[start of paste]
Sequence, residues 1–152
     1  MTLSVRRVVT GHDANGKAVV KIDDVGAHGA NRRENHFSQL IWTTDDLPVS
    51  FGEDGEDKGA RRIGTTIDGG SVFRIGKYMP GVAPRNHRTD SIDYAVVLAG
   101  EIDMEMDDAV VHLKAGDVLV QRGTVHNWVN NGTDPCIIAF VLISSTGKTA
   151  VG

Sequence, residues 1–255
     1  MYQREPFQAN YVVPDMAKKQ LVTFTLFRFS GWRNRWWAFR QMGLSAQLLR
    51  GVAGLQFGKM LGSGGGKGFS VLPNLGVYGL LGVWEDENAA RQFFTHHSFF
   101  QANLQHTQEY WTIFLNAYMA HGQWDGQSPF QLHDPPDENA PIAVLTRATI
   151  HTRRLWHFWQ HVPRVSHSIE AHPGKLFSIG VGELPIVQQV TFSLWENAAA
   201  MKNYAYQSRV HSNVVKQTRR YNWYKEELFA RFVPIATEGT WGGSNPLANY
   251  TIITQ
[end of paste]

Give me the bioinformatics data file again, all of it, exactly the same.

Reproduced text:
Sequence, residues 1–152
     1  MTLSVRRVVT GHDANGKAVV KIDDVGAHGA NRRENHFSQL IWTTDDLPVS
    51  FGEDGEDKGA RRIGTTIDGG SVFRIGKYMP GVAPRNHRTD SIDYAVVLAG
   101  EIDMEMDDAV VHLKAGDVLV QRGTVHNWVN NGTDPCIIAF VLISSTGKTA
   151  VG

Sequence, residues 1–255
     1  MYQREPFQAN YVVPDMAKKQ LVTFTLFRFS GWRNRWWAFR QMGLSAQLLR
    51  GVAGLQFGKM LGSGGGKGFS VLPNLGVYGL LGVWEDENAA RQFFTHHSFF
   101  QANLQHTQEY WTIFLNAYMA HGQWDGQSPF QLHDPPDENA PIAVLTRATI
   151  HTRRLWHFWQ HVPRVSHSIE AHPGKLFSIG VGELPIVQQV TFSLWENAAA
   201  MKNYAYQSRV HSNVVKQTRR YNWYKEELFA RFVPIATEGT WGGSNPLANY
   251  TIITQ